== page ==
COVID-19 has struck inmates and staff at detention centers across Kentucky, including a recent outbreak at the Warren County Regional Jail.
There have also been outbreaks of the virus at the Allen and Barren county jails.
The Kentucky Department of Corrections has authority over state prisons and has managed outbreaks at the Green River Correctional Complex in Muhlenberg County and the Kentucky Correctional Institute for Women in Shelby County.
But county jails are under local control.
Each county contracts with a health care provider and collaborates with the local health department to manage medical care at the jail, including testing and quarantine guidelines for COVID-19.
WKU Public Radio reporter Rhonda Miller talked with Warren County Jailer Steven Harmon about his personal experience being sick with COVID-19, and about the number of positive cases at the jail and the ongoing testing.
Harmon: We're about percent through testing the inmate population. There were approximately 250 positive inmates. We've had as many as 20 staff members out positive through probably the first part of December. We are still testing at this point. We're back to retesting the folks that were negative in the cells in the beginning of December. Very few of the inmates had any symptoms. We have had a couple that were hospitalized. However, they were a little older in age and had other health issues, but they are being cared for. And most all of the staff have recovered and were released by the health department to come back to work. And we are still testing the remainder of the first round of testing of inmate population. And then we're back to testing some that should be past 14 days and considered recovered, once we determine that there are no more new positives in the cells.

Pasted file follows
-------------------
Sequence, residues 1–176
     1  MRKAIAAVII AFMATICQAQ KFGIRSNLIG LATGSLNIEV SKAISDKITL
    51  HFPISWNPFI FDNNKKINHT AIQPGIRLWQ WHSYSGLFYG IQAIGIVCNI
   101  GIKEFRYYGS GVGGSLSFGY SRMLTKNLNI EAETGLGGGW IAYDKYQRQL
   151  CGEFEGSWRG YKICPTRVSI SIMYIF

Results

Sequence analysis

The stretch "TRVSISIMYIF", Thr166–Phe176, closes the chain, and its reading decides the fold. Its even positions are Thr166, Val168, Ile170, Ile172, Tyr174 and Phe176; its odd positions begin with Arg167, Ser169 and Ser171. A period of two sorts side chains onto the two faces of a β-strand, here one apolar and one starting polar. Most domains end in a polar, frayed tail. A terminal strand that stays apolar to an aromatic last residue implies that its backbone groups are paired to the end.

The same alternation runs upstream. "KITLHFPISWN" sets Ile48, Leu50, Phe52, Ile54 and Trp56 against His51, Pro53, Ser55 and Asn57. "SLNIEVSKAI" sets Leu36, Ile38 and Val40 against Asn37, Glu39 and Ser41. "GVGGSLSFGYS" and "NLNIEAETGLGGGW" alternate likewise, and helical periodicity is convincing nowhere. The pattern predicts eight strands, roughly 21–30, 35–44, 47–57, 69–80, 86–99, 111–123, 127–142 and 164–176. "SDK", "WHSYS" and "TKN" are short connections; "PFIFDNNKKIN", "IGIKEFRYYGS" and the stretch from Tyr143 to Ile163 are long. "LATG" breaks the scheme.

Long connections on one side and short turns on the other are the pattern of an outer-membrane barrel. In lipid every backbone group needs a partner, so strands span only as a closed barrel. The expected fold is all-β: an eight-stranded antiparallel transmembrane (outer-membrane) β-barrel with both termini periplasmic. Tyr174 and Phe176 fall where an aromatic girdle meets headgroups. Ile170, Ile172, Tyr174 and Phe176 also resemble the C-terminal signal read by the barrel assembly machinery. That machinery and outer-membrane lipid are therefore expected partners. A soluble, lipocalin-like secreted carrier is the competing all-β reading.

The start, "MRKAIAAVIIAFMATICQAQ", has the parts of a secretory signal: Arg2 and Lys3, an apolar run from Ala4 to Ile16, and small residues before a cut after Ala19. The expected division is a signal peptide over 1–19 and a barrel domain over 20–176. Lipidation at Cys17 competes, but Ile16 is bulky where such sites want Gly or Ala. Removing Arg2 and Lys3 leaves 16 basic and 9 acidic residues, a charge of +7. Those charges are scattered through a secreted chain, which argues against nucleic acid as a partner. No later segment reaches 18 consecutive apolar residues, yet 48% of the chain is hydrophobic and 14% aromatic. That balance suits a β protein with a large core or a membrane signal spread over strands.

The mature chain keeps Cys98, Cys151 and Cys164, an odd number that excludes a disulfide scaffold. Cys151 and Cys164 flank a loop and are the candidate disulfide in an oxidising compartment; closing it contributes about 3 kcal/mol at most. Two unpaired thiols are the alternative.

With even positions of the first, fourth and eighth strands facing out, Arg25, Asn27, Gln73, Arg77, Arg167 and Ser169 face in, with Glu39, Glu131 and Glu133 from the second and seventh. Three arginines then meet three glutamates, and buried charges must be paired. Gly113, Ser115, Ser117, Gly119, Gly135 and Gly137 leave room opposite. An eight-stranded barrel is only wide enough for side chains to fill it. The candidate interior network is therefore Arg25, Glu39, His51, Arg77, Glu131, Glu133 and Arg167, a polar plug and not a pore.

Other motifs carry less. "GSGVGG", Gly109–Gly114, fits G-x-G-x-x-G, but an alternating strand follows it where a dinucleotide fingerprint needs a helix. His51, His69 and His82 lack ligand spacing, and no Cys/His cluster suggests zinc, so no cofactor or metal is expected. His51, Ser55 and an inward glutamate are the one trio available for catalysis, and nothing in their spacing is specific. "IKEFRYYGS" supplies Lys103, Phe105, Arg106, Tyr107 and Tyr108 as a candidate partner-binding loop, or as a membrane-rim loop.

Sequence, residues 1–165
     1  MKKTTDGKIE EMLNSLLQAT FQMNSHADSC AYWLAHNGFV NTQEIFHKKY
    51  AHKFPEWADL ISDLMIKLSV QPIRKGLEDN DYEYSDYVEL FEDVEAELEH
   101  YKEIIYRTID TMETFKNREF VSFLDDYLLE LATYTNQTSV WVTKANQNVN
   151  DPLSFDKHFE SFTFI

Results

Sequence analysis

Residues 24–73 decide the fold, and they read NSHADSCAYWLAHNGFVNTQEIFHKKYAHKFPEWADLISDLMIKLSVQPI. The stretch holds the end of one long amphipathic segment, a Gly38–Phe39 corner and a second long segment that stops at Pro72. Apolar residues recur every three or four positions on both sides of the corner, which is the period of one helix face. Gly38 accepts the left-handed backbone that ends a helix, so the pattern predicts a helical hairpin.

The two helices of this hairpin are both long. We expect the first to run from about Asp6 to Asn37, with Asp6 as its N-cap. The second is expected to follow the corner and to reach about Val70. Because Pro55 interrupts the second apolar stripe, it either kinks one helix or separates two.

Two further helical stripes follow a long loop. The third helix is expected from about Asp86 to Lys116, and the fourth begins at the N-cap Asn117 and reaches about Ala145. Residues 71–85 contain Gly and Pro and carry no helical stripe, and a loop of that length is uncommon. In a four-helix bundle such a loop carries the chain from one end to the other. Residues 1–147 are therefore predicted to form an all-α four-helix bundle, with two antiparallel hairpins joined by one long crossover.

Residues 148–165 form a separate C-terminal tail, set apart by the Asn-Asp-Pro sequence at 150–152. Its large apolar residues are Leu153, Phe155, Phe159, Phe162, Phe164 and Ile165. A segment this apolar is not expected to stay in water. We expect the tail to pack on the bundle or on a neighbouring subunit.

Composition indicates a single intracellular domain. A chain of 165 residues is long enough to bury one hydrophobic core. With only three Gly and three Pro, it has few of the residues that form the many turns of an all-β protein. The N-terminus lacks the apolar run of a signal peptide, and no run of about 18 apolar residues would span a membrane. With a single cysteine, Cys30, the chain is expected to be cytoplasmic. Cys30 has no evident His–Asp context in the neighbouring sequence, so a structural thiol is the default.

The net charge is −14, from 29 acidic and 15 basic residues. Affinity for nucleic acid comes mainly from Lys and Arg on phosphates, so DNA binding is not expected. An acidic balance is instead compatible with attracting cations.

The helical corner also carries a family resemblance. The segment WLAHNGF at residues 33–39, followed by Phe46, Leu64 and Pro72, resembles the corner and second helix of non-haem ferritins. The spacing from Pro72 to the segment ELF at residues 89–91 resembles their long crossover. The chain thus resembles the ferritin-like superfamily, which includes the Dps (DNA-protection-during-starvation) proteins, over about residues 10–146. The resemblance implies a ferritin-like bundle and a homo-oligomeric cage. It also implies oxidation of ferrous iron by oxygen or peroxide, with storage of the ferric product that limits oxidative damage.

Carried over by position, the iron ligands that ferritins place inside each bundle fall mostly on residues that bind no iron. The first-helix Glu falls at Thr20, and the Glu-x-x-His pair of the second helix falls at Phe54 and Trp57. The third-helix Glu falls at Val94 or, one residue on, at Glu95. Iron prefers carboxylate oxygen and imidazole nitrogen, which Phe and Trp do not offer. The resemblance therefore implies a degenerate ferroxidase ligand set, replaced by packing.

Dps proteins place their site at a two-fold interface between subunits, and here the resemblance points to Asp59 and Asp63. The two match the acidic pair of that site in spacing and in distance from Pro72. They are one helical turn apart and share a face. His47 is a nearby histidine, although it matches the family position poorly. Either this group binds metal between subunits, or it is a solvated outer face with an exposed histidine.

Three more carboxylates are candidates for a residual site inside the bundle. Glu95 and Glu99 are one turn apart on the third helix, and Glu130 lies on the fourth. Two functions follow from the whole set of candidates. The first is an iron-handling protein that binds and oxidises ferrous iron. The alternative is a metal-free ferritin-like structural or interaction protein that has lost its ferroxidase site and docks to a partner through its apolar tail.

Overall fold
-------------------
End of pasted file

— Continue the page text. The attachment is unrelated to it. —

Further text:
Miller: How many staff and how many inmates total in the jail?
Harmon: Well, at the time it started there were 648 inmates and I have approximately 100 staff.
Miller: So at this point, you're testing all the inmates and all the staff, is that correct?
Harmon: The staff are testing when they have symptoms. We're wearing N95 masks. We've been cleaning and had protocols in place for this since March. And so the fact that we weren't having any symptomatic inmates until December goes to attest to the work and dedication of the staff and the inmates. We clean in the inside the cells a couple of times a day. We clean it every head count. We clean high traffic areas once an hour. So we're doing what we can. Unfortunately in a congregate setting, like a detention center that's over populated, once it's introduced it does spread quickly. And so we are working with medical. We've suspended everything that's not essential to our operation, and we're working closely with medical to ensure that the inmates are cared for properly.
Miller: Is their space, in other words, there's quarantining required when people test positive. Is there space in the jail, or have you had to add space somewhere for that?
Harmon: There is not space to separate positives and negatives. If they live that closely together, you do the test, and then three days later, you get results. So even if they tested negative at the time of the swab, that doesn't mean they're negative at the time that we get the test results. And so due to space restrictions, we basically quarantine that group of folks together, and then we go back and retest the folks that were negative in the first round at the direction of the health department. If there are new positives, then we start that 14-day clock over again.
Miller: Well, Jailer Harmon, I heard that you were also out because you tested positive. How are you doing?
Harmon: I did and I'm doing much better. There are some lasting effects that take weeks or months to get over if you if you have a bad case of it. I was very sick, but was able to work from home doing the health department reporting and all that goes with mandatory reporting with that, and was able to, you know, keep tabs on what was going on here in the facility. But I have been back for a week and doing a little bit better every day.
Miller: Well, thank you so much for taking time to talk with me. I really appreciate it.
Harmon: You're welcome.
Miller: I've been talking with Warren County Jailer Steven Harmon. I'm Rhonda Miller in Bowling Green.